The LDV uses the Doppler effect, wherein light which is backscattered from the moving target carries information about the quantities, motion, velocity and displacement at the point of incidence. Whilst instantaneous velocity shifts the optical frequency, displacement of the surface modulates the phase of the light wave. With the use of interferometric techniques, the light wave that is received is then mixed with a reference beam, in order to make the two beams recombine at the photo detector. Figure 1 depicts the basic arrangement of a modified MachZehnder interferometer.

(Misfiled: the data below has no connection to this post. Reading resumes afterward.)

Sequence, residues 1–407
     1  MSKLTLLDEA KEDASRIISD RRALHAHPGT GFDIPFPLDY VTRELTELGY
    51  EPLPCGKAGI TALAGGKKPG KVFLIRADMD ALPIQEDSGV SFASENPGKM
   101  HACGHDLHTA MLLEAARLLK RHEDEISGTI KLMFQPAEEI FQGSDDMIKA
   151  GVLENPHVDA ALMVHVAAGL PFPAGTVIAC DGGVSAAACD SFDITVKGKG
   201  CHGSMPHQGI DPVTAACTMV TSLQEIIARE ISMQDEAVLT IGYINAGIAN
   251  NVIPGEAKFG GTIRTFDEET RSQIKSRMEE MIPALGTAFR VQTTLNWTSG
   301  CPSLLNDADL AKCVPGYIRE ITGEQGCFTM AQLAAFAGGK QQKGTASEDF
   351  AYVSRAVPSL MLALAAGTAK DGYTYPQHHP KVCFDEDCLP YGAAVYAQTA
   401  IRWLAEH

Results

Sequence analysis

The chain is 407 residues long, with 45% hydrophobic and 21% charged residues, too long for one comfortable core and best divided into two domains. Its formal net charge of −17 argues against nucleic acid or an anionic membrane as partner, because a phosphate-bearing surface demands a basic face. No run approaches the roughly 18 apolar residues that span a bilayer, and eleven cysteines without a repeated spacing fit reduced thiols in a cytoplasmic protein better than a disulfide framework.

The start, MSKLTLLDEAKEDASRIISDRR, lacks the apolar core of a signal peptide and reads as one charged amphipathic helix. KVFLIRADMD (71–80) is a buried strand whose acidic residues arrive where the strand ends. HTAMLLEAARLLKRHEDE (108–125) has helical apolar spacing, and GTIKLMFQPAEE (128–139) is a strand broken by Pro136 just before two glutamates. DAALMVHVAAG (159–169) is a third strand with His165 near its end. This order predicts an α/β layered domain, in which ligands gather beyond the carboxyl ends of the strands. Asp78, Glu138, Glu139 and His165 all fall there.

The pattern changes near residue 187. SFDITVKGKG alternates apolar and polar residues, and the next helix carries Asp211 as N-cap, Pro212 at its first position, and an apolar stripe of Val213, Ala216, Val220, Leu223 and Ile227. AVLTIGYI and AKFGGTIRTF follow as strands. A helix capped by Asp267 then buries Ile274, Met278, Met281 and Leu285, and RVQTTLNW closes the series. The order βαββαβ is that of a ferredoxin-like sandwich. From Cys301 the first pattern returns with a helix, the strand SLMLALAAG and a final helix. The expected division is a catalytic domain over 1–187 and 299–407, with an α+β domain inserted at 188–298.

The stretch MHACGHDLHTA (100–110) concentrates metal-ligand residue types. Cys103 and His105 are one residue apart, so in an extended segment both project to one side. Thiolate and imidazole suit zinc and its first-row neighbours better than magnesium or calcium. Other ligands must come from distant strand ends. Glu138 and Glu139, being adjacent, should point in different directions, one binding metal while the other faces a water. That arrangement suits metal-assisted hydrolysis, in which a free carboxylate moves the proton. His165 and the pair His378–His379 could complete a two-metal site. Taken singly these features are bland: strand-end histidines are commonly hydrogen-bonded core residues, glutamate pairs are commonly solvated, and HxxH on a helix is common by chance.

Optics schematic of a modified Mach-Zehnder Interferometer.

Figure 1. Optics schematic of a modified Mach-Zehnder Interferometer. Image Credit: Polytec

The signal which is measured at the photo detector carries direction sensitive frequency as well as phase modulation from the moving target.

Target displacement s(t) results in a phase modulation

ImageForArticle_1724_15796693984064704.png (1)

According to the basic relationships dφ/ dt = 2πf and ds / dt = v, that phase modulation corresponds to a frequency deviation

ImageForArticle_1724_15796694030757061.png (2)

which is then known as the Doppler frequency. The resulting frequency of the detector output signal precisely preserves the directional information (sign) of the velocity vector.